Openly expressive of his admiration for Winston Churchill, Johnson, unfortunately, has lacked the decisiveness of his idol, with his prevaricating proclivities replaced by greater clarity and urgency from his cabinet members who have risen in his stead following his hospitalisation on contracting the virus.
Prime Minister Viktor Orban, Hungary
Global crises and increased authoritarianism often go hand-in-hand, with the concomitant disregard for proper procedure blatantly evident in the ostensible omnipotence of Viktor Orban in Hungary. At the end of last month, the Hungarian parliament passed the Enabling Act, which grants a carte blanche to Orban, allowing the executive to rule by decree indefinitely. Orban’s response to the pandemic has morphed from casual denial to scapegoating of foreigners to issuing a state of emergency. As part of his paternalistic plan to clamp down on the pandemic, Orban has handed control of a hundred “strategic” companies – businesses run by Hungarians or multinationals – to the military.
By politicising the disease and hurling blame at the opposition for holding up his Enabling Act before eventually enforcing it, Orban has seemingly cemented life-long power, rendering himself unaccountable and potentially ripping apart post-communist Hungary’s democratic fabric once and for all.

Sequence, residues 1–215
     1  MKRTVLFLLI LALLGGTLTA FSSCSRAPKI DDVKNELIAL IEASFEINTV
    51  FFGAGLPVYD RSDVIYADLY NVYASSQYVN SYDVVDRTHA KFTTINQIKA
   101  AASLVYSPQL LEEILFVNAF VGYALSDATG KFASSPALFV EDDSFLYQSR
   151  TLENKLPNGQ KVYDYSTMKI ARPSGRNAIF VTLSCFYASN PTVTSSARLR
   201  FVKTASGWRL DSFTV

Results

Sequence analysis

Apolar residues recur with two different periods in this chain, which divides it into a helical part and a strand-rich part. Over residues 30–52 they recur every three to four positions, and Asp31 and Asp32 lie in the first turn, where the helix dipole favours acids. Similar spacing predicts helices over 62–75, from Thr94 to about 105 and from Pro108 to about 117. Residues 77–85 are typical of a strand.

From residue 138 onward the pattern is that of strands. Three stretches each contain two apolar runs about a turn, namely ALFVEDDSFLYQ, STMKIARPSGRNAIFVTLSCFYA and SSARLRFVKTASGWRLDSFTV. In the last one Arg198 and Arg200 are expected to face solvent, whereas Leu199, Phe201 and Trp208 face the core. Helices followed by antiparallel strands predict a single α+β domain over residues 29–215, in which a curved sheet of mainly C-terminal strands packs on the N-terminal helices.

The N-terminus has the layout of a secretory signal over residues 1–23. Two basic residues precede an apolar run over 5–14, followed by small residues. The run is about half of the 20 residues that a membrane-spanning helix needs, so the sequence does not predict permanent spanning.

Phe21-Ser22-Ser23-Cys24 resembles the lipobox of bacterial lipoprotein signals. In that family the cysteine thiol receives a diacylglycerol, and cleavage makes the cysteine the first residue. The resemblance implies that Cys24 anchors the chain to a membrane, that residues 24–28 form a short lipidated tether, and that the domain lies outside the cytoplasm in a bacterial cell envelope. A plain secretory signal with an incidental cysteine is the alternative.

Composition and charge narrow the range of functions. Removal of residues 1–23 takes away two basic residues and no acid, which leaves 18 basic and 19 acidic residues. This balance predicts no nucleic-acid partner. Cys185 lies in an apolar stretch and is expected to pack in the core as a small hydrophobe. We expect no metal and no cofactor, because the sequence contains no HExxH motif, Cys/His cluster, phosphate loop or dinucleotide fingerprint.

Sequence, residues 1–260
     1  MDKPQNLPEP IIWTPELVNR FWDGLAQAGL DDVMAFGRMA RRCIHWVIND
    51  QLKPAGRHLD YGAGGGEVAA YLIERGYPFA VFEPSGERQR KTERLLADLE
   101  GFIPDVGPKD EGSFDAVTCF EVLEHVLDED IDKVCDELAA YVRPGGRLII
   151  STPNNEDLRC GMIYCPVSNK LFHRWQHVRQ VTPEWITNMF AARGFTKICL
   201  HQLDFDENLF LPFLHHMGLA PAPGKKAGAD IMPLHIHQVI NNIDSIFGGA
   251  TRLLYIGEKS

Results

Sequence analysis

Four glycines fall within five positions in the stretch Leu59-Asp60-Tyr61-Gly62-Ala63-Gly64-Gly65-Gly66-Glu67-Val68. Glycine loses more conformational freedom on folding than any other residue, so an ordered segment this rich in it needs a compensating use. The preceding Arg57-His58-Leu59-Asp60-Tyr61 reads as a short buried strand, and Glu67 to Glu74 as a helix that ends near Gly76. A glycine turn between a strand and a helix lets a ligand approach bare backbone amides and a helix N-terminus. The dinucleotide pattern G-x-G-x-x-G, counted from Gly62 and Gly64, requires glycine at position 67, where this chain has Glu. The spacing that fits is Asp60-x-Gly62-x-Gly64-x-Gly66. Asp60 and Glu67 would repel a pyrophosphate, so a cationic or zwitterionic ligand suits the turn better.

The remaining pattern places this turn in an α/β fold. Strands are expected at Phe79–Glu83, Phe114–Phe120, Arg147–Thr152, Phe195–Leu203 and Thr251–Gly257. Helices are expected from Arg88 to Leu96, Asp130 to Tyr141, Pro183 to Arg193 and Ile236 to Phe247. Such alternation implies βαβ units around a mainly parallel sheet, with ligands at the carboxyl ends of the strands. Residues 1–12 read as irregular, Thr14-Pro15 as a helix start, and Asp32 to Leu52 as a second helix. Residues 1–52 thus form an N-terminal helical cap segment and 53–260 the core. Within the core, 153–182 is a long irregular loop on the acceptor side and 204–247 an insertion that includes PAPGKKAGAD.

Prime Minister Benjamin Netanyahu, Israel
Under enormous domestic pressure to work in tandem with rival Benny Gantz to form a coalition government after three indecisive elections, the arrival of the coronavirus could not have been better timed for Israel’s beleaguered leader. Not only has the pandemic created a resurgence in his popularity (thanks to the rallying around the flag effect), but the trial of Netanyahu on corruption charges- slated to begin in mid-March- has now been postponed to the end of May.
With the potential formation of an emergency setup on account of COVID-19, Netanyahu could conceivably hold onto his position for the next 18 months, despite being a defendant in a criminal case. By passing controversial measures like the mobile phone tracking edict – normally used for “anti-terrorism” purposes – Netanyahu has triggered protests outside the Knesset, with many accusing him of using the crisis to morph into a “crime minister”.
President Jair Bolsonaro, Brazil
Despite his own health minister’s warnings of how the Brazilian healthcare system could be overwhelmed by the end of April, Jair Bolsonaro has dubbed the virus as a “little flu” and “hysteria”. Many in Brazil suspect that the president himself may be a vector of the disease following his trip to the US in March, but Bolsonaro – infamous for his mendacity – has insisted that he tested negative.